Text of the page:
Prenatal Development Project
DESCRIPTION:The Prenatal Development Project explores the relationships among maternal pregnancy variables and psychological, cognitive, social, sexual, and physical outcomes among adults whose mothers received treatments of interest during pregnancy. One primary aim is to evaluate the developmental effects of prenatal exposure to steroid hormones and psychoactive drugs, particularly synthetic progestin, corticosteroids and barbiturates. Data collection has taken place in Denmark at the Psykologisk Institut, now the Institute of Preventive Medicine, since 1981. The PDP database is unique for its breadth and depth as well as its combination of prospective longitudinal and cross-sectional perspectives. Specific variables and projects examined:
FINDINGS:Mortensen, E.L., Michaelsen, K.F., Sanders, S.A., & Reinisch, J.M. (2005) A dose-response relationship between maternal smoking during late pregnancy and adult intelligence in male offspring. Pediatric and Perinatal Epidemiology, 19 (1): 4-11.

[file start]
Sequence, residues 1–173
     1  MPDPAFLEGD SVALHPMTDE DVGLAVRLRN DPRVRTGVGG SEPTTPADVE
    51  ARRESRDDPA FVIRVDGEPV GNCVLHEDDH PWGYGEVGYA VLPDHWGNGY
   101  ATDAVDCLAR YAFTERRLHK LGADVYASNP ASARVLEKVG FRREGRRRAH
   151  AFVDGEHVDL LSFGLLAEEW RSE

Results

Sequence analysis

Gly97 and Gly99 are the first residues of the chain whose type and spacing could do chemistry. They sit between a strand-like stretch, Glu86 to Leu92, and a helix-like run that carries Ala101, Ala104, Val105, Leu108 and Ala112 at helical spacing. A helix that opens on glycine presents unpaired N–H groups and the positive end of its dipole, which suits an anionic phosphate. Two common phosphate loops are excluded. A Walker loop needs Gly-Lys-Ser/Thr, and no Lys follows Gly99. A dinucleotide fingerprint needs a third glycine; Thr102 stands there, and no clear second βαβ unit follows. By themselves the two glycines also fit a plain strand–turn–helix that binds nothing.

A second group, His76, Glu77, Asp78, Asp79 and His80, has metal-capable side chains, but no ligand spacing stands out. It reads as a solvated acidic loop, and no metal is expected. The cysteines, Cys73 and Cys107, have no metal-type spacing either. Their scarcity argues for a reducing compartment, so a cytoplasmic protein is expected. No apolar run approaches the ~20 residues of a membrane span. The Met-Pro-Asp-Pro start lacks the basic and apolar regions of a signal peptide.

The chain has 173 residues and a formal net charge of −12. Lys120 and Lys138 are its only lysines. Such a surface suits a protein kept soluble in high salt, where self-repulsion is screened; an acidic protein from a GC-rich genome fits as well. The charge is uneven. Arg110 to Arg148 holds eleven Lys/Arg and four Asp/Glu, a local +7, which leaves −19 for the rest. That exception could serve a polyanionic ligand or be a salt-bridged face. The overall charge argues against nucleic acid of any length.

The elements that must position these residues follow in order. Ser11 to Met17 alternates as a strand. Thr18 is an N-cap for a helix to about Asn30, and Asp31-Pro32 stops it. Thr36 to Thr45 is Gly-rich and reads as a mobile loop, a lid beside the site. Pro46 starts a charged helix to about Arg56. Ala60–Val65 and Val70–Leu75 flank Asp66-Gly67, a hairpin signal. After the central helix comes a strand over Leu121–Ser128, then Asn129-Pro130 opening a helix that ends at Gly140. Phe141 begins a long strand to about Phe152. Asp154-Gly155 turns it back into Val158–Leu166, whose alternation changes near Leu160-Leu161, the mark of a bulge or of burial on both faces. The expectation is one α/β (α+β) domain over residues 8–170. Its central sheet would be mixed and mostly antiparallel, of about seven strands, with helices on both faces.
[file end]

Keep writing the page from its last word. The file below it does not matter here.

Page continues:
Mortensen, E.L., Michaelson, K. F., Sanders, S.A., & Reinisch, J.M. (2002) The association between duration of breastfeeding and adult intelligence. Journal of the American Medical Association, 287(18): 2365-2371.
Mortensen, E. L., Jensen, H. H., Sanders, S. A., & Reinisch, J. M. (2001) Better psychological functioning and higher social status may largely explain the apparent health benefits of wine: A study of wine and beer drinking in Danish young adults. Archives of Internal Medicine, 161(15): 1844-1848.
Reinisch, J.M., Sanders, S.A., Mortensen, E.L., Rubin, D.B. (1995) In utero exposure to phenobarbital and intelligence deficits in adult men. Journal of the American Medical Association. 274(19):1518-25.
INVESTIGATORS: Stephanie Sanders, June Reinisch, Erik Lykke-Mortensen
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